Posts Tagged ‘media’

All that’s wrong with the media today: A ridiculous example

Posted on: July 17th, 2013 by Graeme Codrington No Comments

It sounds like something out of one of those cringeworthy, self-written high school plays. But in reality it is a genuine news report from a Fox affiliate TV station in the United States. And although it is a single anecdote, it does shine a spotlight on the mess that the media is in right now.

In an attempt to be the first in their reporting, news agency trip over themselves (and ordinary people) to pile camera upon camera outside every media friendly location in the world; and then get their anchors to spout meaningless drivel and speculation, and fill their studios with vacuous (and often professional) commentators who are more interested in soundbites than truth. And increasingly they get the actual news wrong!

But this takes the cake. And it’s hilarious.

Last Friday, A KTVU anchor read the “names” of the four pilots who were on board the 777 when it crash-landed in San Francisco. They were: “Sum Ting Wong,” “Wi Tu Lo,” “Ho Lee Fuk,” and “Bang Ding Ow.” Read those out loud just once (although not too loudly if you’re with other people). How is it possible that this made it all the way to a live TV news reader without any flags being raised? Here’s a home video of the report:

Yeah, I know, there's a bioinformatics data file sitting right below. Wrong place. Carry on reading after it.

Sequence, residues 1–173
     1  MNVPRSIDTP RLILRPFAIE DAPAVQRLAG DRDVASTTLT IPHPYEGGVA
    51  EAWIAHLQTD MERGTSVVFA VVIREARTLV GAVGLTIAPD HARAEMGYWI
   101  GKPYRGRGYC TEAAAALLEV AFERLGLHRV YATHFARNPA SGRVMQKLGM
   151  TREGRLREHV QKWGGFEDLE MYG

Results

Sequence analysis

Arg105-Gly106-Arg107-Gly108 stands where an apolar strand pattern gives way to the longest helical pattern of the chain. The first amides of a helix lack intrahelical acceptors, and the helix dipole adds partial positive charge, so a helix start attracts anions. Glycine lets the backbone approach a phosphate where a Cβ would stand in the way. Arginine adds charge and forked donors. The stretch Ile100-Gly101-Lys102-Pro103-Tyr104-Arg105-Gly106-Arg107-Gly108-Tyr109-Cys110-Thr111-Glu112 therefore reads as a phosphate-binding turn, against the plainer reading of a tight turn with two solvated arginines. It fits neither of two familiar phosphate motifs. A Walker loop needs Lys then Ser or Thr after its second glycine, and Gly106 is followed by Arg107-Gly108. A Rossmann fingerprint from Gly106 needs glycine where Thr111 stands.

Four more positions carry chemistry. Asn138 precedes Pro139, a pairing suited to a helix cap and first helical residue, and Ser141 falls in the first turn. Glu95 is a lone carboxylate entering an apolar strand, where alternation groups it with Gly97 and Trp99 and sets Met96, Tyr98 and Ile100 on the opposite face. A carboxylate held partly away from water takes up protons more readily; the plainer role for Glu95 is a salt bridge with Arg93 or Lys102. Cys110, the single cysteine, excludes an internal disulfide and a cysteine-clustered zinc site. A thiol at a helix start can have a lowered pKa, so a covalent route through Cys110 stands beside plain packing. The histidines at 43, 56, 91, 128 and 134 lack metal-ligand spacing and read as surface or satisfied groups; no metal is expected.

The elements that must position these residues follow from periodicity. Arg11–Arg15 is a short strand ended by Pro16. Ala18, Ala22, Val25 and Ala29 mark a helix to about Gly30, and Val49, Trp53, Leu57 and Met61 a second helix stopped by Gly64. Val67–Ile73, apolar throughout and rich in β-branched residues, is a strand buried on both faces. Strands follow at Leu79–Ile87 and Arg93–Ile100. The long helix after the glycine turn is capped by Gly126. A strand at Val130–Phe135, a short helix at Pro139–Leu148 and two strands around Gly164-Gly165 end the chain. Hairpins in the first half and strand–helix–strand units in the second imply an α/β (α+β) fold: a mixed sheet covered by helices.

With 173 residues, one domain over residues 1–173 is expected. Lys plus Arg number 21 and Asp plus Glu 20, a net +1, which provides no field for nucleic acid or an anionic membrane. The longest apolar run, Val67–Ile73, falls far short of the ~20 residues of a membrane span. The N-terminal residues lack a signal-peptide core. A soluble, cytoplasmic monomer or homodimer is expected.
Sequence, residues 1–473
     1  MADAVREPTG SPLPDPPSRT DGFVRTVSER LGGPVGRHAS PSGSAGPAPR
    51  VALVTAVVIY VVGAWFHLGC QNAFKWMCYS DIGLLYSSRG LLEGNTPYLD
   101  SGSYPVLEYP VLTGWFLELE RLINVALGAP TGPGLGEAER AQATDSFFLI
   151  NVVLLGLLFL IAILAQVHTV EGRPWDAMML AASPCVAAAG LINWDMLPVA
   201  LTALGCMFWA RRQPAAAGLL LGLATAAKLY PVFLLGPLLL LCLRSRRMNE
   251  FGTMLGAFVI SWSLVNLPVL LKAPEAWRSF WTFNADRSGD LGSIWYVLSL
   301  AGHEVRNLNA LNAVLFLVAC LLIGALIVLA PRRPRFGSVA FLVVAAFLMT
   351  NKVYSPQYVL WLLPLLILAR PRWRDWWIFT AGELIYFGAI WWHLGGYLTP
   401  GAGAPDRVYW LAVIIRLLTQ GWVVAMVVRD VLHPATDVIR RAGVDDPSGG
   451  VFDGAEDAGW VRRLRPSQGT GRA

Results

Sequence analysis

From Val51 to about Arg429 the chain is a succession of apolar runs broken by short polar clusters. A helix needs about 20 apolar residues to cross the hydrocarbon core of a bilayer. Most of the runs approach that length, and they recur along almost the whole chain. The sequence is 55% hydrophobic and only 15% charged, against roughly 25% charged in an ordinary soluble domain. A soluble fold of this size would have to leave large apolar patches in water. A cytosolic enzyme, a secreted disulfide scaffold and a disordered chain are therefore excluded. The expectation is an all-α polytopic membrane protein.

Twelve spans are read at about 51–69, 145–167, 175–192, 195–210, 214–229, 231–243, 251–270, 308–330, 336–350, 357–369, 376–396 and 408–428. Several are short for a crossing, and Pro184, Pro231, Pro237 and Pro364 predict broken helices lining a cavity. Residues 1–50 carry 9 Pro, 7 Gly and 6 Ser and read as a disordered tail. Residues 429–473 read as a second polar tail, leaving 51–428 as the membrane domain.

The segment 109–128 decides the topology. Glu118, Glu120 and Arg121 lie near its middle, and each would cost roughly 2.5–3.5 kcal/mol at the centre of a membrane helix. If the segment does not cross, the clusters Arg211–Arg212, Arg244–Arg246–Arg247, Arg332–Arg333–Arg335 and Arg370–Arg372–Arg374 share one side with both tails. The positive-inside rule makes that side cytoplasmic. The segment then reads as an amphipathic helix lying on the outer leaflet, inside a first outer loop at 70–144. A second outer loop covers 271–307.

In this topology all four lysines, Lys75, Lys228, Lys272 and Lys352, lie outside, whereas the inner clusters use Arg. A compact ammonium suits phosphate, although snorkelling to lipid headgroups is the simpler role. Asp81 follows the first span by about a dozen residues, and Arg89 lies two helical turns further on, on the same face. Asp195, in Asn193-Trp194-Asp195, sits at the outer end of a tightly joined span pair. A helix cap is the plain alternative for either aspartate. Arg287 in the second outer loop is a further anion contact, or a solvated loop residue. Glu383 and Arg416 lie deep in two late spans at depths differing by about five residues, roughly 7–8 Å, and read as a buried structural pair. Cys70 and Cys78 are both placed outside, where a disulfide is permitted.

It’s mildly racist. Very funny. Very sad. And, of course, they blamed it all on an intern.


What’s your digital lifestyle?

Posted on: December 1st, 2010 by admin-kablooey 6 Comments

I am a firm believer that every person hasa certian level of digital integration in their lifestyle. The is something in almost all of us that uses the digital landscape in someway or another. This is what excites me about digital media – its different for everyone.

Each person experiences the digital landscape in their own way, from their own vantage point and with their own personal agenda. This is the Consumer 2.0 I have spoken about before. I go into this in more detail in our presentation but I wanted to share a bit of insight into a study by TNS Surveys which outlines six digital lifestyles. These are:


The internet is an integral part of my life. I’m young and a big mobile Internet user and generally access everywhere, all of the time. I’m a blogger, a passionate social networker with many social network friends. I’m also a big online shopper, even via my mobile. I want to make sure as many people as possible hear my online voice.